Braves offer reminder of why they are champions

The Cincinnati Enquirer

ST. LOUIS - The Braves are still breathing. Their pulse pulsates. Their vital signs are vigorous. To borrow a felicitous phrase from a famous Missourian, reports of their death have been greatly exaggerated.

Trailing three games to one in the National League Championship Series, baseball's reigning World Champions restored the faith of their fretting faithful and reminded Cardinal fans why they were so widely favored to advance to the World Series.

Simply put, it is pitching. Atlanta's 14-0 stampede of St. Louis Monday night underscored the most glaring mismatch between the National League finalists. While Braves manager Bobby Cox is able to start three successive Cy Youngs on four days rest, the Cardinals' Tony La Russa has felt compelled to place inferior pitchers on an accelerated schedule in order to compete. The talent and fatigue factors are finally starting to tell.

John Smoltz and three relievers shut out the Cardinals on seven singles Monday. Meanwhile, the Braves broke out of their series slump with 22 hits against Todd Stottlemyre and his successors, seven of which went for extra bases. Perhaps there was some overkill at work here, or maybe the Braves merely misread the schedule for batting practice, but the effect was emphatic.

''They set the table and they cleaned the table,'' said St. Louis third baseman Gary Gaetti. ''And then they did the dishes.''

The two-touchdown triumph enabled the Braves to return to Atlanta for Games Six and (if necessary) Seven secure in the knowledge that four-time Cy Young winner Greg Maddux and 1991 winner Tom Glavine are the scheduled starters. St. Louis is expected to counter with the less legendary duo of Donovan Osborne and Andy Benes.

The Cardinals continue to lead the best-of-seven series, 3-2, but Atlanta's odds are probably no worse than even.

''We can do it,'' Cox said. ''We talked about it all day. We can win three in a row. We're on a mission right now.''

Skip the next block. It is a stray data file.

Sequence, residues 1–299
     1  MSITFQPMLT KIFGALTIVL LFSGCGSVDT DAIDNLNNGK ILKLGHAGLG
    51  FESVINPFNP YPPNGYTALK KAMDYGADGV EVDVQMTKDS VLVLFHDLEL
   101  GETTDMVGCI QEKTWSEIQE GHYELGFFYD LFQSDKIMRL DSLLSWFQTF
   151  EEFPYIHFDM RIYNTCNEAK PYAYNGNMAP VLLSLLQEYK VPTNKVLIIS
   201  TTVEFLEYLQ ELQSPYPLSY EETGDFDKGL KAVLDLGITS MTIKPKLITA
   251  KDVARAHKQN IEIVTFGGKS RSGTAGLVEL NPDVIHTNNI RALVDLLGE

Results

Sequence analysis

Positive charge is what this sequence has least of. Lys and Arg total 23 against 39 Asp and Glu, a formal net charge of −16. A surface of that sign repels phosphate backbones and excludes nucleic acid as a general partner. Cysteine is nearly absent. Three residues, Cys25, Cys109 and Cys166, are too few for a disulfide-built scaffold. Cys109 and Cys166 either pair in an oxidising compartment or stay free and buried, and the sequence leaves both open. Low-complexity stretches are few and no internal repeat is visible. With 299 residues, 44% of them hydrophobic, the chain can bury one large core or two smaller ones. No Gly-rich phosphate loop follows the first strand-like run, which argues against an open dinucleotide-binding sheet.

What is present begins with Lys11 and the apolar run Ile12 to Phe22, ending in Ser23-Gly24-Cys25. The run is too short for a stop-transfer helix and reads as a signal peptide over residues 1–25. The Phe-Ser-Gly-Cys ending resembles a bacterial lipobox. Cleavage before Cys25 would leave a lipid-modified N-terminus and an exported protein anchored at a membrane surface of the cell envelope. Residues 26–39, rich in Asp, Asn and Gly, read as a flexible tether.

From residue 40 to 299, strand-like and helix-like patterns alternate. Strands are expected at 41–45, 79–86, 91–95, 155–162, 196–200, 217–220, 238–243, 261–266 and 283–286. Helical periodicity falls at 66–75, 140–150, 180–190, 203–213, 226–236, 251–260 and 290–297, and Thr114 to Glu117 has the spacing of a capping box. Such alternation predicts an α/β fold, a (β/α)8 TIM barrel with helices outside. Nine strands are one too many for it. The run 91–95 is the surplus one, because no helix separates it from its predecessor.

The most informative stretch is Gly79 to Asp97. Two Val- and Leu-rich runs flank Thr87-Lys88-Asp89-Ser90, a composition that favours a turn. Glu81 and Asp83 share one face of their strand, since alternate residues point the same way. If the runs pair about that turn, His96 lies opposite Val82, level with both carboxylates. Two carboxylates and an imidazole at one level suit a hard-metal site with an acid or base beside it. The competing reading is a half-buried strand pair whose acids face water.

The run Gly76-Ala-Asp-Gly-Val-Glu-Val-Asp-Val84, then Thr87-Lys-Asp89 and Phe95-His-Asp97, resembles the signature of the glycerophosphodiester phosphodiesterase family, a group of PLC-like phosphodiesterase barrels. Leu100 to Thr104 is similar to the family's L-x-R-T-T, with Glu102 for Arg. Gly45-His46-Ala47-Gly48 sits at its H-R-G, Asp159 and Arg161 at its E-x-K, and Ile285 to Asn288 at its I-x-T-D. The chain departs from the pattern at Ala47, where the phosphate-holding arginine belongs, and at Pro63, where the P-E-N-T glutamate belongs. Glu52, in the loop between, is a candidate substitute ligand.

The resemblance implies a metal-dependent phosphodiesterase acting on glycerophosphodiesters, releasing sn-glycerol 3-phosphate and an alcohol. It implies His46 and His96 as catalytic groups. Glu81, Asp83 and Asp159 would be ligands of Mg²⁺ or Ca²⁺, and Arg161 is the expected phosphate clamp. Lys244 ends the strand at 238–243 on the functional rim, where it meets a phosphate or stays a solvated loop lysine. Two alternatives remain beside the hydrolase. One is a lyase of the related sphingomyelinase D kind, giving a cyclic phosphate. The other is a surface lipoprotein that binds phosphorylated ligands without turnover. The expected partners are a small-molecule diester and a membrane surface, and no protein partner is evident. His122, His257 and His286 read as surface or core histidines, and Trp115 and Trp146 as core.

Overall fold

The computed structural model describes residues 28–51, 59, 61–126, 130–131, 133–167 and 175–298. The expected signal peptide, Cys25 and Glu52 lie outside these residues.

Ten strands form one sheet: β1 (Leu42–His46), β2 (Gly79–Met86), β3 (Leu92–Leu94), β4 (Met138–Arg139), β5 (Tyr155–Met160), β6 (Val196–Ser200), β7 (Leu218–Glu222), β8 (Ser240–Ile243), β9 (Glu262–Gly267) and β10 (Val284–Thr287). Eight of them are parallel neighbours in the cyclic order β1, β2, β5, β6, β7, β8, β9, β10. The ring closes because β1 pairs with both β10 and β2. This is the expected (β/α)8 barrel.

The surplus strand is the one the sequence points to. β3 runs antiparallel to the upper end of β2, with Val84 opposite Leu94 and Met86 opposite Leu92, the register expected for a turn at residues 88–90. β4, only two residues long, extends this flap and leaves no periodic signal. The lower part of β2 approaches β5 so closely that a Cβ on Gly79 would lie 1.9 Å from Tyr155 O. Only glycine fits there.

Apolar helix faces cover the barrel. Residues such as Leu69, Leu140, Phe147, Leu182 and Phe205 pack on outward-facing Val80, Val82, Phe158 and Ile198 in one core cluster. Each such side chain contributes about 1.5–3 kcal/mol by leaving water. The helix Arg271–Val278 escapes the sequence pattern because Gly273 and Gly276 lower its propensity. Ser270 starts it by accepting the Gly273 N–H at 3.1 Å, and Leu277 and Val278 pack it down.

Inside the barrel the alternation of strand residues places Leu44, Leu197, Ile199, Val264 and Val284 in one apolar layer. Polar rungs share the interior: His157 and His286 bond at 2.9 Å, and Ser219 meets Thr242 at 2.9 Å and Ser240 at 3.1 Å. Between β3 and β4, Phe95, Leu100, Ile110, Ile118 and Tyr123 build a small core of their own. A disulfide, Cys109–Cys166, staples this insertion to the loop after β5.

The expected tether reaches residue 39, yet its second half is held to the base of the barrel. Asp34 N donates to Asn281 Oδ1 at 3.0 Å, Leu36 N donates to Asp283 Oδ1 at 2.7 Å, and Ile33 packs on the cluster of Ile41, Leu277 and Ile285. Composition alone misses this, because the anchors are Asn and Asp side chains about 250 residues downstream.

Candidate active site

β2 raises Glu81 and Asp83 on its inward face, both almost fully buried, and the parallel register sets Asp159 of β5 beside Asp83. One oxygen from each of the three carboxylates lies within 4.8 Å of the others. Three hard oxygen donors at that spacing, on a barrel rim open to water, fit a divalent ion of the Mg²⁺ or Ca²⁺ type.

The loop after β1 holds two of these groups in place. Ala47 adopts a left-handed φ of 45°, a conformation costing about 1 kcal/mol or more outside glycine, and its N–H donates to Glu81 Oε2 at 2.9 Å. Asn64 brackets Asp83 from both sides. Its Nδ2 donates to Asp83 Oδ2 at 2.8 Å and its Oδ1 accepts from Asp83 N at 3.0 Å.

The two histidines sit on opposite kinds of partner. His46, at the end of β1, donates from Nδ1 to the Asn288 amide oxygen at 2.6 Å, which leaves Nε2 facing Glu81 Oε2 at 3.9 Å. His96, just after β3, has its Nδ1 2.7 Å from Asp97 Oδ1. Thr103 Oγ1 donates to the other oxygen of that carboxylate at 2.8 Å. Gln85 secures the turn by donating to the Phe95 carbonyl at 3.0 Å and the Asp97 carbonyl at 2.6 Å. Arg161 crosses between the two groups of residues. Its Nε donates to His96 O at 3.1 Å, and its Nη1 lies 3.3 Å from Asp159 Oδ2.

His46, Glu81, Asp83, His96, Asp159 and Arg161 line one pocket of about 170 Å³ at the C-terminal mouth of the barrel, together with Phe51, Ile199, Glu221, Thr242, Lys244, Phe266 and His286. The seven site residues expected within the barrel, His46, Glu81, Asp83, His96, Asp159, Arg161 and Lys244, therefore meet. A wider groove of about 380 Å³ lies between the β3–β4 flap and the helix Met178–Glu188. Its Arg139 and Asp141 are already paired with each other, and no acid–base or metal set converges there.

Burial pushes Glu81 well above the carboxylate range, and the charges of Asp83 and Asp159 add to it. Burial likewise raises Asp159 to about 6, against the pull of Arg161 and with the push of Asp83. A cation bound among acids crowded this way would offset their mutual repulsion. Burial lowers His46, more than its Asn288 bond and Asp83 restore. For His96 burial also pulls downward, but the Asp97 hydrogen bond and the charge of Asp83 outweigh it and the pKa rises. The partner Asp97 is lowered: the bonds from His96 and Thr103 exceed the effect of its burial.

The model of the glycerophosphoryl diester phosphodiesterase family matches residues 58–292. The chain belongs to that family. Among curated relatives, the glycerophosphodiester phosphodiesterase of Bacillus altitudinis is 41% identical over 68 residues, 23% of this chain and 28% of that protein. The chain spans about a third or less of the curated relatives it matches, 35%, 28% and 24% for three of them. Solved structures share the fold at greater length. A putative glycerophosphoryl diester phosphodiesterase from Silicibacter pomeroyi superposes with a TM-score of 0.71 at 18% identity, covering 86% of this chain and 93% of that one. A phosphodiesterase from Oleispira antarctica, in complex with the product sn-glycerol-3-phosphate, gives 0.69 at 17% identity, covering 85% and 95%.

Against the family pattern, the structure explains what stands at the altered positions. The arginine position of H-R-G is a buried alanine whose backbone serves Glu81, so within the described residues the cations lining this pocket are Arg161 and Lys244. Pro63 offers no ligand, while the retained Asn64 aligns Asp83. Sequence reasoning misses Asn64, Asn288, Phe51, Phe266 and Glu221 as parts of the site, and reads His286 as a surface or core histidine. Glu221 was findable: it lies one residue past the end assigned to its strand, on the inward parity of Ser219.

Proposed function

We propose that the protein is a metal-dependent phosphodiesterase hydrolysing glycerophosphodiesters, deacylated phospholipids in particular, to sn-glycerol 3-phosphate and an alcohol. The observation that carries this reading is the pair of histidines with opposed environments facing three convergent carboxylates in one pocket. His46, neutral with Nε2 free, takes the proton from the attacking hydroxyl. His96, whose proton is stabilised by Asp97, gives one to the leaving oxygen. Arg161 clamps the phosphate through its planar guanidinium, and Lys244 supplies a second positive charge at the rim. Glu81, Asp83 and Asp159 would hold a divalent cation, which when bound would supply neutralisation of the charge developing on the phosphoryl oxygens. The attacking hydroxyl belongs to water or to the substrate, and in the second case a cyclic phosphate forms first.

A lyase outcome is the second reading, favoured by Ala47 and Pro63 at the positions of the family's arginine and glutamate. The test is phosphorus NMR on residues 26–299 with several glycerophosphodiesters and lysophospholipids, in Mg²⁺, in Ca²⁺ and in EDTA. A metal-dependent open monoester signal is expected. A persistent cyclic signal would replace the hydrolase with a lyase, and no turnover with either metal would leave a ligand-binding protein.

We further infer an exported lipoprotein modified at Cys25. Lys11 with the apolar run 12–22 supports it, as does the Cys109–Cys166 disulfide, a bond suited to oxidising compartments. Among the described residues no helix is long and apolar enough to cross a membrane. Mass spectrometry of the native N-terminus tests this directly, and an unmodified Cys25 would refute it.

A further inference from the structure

The Braves' mission statement was drafted during a purposeful pregame meeting in the visitors clubhouse.

''It was a very short meeting,'' Cox said. ''And it wasn't to say, 'Have a nice winter.' We said we're going to play seven more (games), maybe 10.''

Smoltz, Atlanta's 24-game winner, pitched from the comfort of never having to face a St. Louis hitter who represented the tying run. The Braves scored five times in the first inning - three times before Stottlemyre had registered an out - and continued to pile it on after additional offense was pointless.

Marquis Grissom hit Stottlemyre's first pitch for a bloop single to right field, and Mark Lemke followed with a line-drive double to right-center field. Stottlemyre then went to a full count on Chipper Jones, who lined the 3-2 pitch into the left field corner for two runs.

After that, the outcome was academic. Stottlemyre gave up nine hits before he was relieved with nobody out in Atlanta's second inning. His evening's earned-run average: 63.00.

''You can do all the talking and everything you want to,'' Stottlemyre said. ''But there's only one way to handle it - try to swallow it, as hard as it is to swallow, and move on. . . .

''I really felt like I made a lot of good pitches. Obviously, they weren't good enough.''

This much was true of all five St. Louis pitchers. Atlanta second baseman Mark Lemke had four hits by the fourth inning, and the last of them was the Braves' 16th hit of the game. This was as many hits as any team had ever made in an NLCS game and still six short of where Atlanta's barrage stopped.

''What I really liked tonight is that we had a killer instinct,'' Chipper Jones said. ''We kept piling it on. Last night, I didn't sense that.''

Sunday night, Busch Stadium had been an ear-splitting sound studio. Monday, by the seventh-inning stretch, roughly half of a record crowd of 56,782 had cleared out.

''We will be fine,'' La Russa promised, ''but we could have been finer.''

Tim Sullivan is an Enquirer columnist.

Published Oct. 15, 1996.